‘Key to getting out of lockdown’ revealed
Infectious disease modeller Professor Emma McBryde reckons she knows how to end the coronavirus lockdown besetting Australia, though it's not without its risks.
She has controversially suggested the virus should be deliberately spread in select low-risk groups, such as children, to control the spread and build immunity.
"Young children may be the key to getting out of lockdown," she told Channel 9's 60 Minutes last night.
"One of the answers could be in the fact that COVID-19 behaves differently in different age groups," Professor McBryde said.
"It appears that children are not only less vulnerable to severe disease, they also may well be less infectious and less likely to become symptomatic.
"We can't be so risk averse that we just keep doing what we're doing because that has its own risks as well and if we do everything we possibly can to make sure that no one dies from coronavirus, people are going to start dying from other things."
Microbiologist Professor Peter Collignon believes her potentially risky idea is worth a shot.
"All the available evidence around the world is children under the age of 15 rarely get this (the virus) and rarely get complications," he told 60 Minutes.
"In an emergency, you've got to break glass.
"And we're breaking glass."
Danish political scientist and economist Dr Bjorn Lomborg said a lockdown wasn't necessary as there would still be a "second wave" of infections later down the track in Australia.
"The reality is, if we just want to stop coronavirus in its tracks, we have to shut down society almost entirely, and in the long run, that is not a sustainable solution," he said.
"We need to have the conversation, how much should we tackle corona, versus how much should we avoid totally destroying the economy?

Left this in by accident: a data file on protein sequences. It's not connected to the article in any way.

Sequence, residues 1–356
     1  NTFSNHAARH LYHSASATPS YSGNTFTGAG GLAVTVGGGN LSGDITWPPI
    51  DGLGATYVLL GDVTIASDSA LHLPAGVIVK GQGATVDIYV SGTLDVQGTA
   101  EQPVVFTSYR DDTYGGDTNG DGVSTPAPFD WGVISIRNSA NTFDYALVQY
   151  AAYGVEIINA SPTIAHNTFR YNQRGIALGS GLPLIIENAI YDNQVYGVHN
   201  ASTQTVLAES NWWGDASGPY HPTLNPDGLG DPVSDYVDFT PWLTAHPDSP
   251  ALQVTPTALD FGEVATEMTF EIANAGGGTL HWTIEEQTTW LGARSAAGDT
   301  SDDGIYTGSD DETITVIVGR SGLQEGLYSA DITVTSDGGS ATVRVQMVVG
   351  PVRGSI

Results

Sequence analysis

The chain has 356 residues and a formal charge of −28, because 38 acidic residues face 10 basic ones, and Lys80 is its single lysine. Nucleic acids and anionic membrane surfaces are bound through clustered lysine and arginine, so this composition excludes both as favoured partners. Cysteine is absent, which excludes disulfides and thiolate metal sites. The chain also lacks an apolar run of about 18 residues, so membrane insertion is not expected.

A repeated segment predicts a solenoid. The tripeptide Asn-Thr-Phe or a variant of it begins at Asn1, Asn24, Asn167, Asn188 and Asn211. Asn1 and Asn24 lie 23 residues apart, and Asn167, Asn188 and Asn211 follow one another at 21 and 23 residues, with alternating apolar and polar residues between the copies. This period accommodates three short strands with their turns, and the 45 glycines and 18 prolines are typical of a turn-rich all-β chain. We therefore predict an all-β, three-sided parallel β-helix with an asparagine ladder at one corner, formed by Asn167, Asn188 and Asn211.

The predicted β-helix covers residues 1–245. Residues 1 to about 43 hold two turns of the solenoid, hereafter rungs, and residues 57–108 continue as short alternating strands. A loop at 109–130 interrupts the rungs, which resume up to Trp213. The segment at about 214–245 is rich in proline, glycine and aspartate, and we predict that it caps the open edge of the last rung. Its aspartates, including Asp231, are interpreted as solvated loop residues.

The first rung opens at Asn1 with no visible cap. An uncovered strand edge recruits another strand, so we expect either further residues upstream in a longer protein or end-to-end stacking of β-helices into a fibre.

"At some point, we actually need to say, 'This is enough. If we go further, we're going to damage the economy more than the few extra people we're going to save.'"
Dr Lomborg compared the coronavirus response in Australia to the reduction of speed limits on the roads.
"If you want to save everyone who dies in traffic, you should just take it down to five kilometres an hour," he said.
"Nobody would die. But of course, the point is, you don't want to do that because it also has huge social ramifications."
Dr Lomborg said Sweden's middle-ground measures to stem the coronavirus spread should be emulated by Australia to avoid economic disaster.
It has been dubbed the moral dilemma of our time - ruin society but save lives, or lose lives but save society.
We either save avoidable deaths & destroy society OR accept avoidable deaths & save society. The moral dilemma of our time.— Alexander Downer (@AlexanderDowner) April 7, 2020
The Australian government maintains herd immunity would not be in Australia's best interest.
"If we attempt herd immunity we would end up with a very large number of people severely unwell and a very large number of people would die so we're not going down a herd immunity approach in Australia," Health Department principal medical advisor Michael Kidd said yesterday.
Overseas, in countries such as the US - where nearly half a million people have been infected - lockdowns could end within just a few months, or even weeks.
This is because huge amounts of the population will have been struck down with the virus and either died or recovered, making them immune.
But in Australia, not enough people will have been exposed to COVID-19 - meaning it could still prove fatal for the elderly and those with pre-existing medical conditions.
Originally published as 'Key to getting out of lockdown' revealed